This hymn text is taken from the Liturgy of St James, a long service developed possibly during the lifetime of the Apostles. Used primarily by the Early Church in Jerusalem, it was named after James, the martyred brother of Jesus. The liturgy was shortened in the 5th century, for apparently the Early Church was quite fervent in its ritual prayer. The whole liturgy is still prayed in churches of the east, particularly the Mar Thoma Church of India. Whilst it is not our tradition, we are privileged to be able to sing this excerpt, profound and scripturally-rich in its text.
The text exhorts us to keep our thoughts on things of heaven, not earth, seeking to fulfill Paul’s command to “fix yours eyes on Jesus, the author and perfecter of faith. . .” (Heb. 12: 2) In an age where the secular world pervades even the Church and its attitudes, we learn that the Early Church sought to “ponder nothing earthly-minded, for with blessing in His hand Christ our God to earth descending comes our homage to demand.” Some people would write this hymn off as a product of Gnosticism, a type of philosophy/theology which encouraged the subjugation of earthly desires to the cultivating of spiritual pursuits. This sometimes led to a type of works righteousness which favoured the idea of one “earning” heaven through their ascetic life. Gnosticism at its most heretical said that Jesus could not have been true man, for anything in the flesh is sinful; therefore, Jesus was only a spiritual being. Yet, this hymn is clear to subvert such an idea right away in stanza two: “King of kings yet born of Mary, as of old on earth He stood, Lord of lords in human vesture, in the body and the blood, He will give to all the faithful His own self for heavenly food.” This incarnational stanza affirms that portion of the Nicene (and Apostles’) creeds which we should frequently confess, “who for us men, and for our salvation, came down from heaven and was incarnate by the Holy Spirit of the Virgin Mary and was made man. . .” As Advent comes ever closer, we remember that Christ can relate to our sufferings because He likewise took on human form and suffered—much more so than that with which we must contend. He was the spiritual “King of kings,” but he was “born of Mary,” sung about by the angels in Luke 2.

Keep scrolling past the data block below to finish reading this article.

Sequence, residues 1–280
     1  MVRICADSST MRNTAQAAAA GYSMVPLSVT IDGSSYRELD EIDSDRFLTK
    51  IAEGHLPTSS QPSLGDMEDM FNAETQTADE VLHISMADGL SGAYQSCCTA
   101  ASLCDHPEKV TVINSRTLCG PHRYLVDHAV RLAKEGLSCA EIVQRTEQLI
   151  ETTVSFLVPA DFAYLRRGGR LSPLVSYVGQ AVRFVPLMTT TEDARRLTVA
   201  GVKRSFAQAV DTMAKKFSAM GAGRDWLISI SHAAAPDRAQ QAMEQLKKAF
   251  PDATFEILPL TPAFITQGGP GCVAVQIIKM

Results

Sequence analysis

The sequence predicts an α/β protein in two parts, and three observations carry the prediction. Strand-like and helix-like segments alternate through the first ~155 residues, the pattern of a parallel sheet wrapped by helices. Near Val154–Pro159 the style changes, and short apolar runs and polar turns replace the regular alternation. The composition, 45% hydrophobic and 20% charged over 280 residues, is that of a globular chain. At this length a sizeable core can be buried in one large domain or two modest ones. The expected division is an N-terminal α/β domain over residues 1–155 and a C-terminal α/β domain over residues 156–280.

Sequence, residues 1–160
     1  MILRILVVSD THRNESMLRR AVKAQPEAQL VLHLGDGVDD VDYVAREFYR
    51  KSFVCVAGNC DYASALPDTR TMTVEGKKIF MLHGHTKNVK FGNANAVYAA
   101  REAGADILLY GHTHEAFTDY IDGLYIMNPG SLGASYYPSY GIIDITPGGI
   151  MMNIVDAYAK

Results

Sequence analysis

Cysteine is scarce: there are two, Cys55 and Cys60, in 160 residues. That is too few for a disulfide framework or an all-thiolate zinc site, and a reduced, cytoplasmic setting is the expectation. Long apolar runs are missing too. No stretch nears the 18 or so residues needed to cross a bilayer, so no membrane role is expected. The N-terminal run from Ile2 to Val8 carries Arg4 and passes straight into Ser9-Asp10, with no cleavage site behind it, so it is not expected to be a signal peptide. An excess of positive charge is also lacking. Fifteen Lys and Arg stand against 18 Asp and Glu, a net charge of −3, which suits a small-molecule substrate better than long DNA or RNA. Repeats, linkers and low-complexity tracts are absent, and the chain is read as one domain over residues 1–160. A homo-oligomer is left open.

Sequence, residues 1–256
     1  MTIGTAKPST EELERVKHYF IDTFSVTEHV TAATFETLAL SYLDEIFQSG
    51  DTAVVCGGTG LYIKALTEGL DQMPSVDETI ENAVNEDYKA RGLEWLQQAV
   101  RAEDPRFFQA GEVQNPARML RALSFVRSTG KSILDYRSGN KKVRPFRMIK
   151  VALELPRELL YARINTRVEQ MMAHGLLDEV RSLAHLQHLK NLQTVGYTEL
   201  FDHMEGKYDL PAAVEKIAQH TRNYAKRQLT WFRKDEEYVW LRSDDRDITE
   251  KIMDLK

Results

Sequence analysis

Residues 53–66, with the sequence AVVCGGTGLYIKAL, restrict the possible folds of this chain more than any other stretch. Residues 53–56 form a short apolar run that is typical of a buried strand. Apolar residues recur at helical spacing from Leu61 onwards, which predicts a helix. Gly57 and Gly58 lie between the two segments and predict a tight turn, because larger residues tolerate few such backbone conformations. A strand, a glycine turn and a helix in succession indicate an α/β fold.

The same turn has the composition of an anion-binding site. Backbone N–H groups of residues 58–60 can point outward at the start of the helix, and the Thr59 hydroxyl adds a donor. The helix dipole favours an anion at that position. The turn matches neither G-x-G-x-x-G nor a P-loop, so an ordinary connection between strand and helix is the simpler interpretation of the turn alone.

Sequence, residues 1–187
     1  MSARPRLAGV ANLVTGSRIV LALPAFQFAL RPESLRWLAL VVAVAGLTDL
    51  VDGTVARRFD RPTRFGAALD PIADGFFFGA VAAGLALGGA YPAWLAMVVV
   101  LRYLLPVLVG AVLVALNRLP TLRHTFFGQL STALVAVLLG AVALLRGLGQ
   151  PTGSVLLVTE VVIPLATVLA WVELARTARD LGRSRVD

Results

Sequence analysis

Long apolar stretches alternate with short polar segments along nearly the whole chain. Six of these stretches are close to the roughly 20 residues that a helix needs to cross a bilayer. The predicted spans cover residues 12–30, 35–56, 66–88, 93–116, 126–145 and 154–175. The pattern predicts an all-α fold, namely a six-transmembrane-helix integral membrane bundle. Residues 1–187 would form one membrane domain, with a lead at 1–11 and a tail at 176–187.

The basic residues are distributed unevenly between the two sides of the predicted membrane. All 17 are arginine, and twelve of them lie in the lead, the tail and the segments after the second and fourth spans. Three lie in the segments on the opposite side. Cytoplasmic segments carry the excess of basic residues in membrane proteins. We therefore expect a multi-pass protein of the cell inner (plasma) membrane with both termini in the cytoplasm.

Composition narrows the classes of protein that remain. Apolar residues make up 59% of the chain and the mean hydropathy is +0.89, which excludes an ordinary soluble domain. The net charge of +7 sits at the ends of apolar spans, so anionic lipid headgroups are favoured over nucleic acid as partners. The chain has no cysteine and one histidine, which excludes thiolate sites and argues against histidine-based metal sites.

The third stanza conveys the dramatic scene of Christ’s imminent return, describing the “host of heaven, spread[ing] its vanguard on the way as the Light of Light descending, from the realm of endless day. . .” This second coming is referred to in Acts 1: 10, 11. After having watched Jesus’ ascension, two angels tell the Apostles, “This same Jesus, who has been taken from you into heaven, will come back in the same way you have seen Him go into heaven.” The final stanza echoes the words of the Sanctus in the liturgy, which themselves hearken back to Isaiah 6:3 and refer to the everlasting praise of God offered by the seraphim around His throne, constantly singing “Alleluia, Lord Most High!”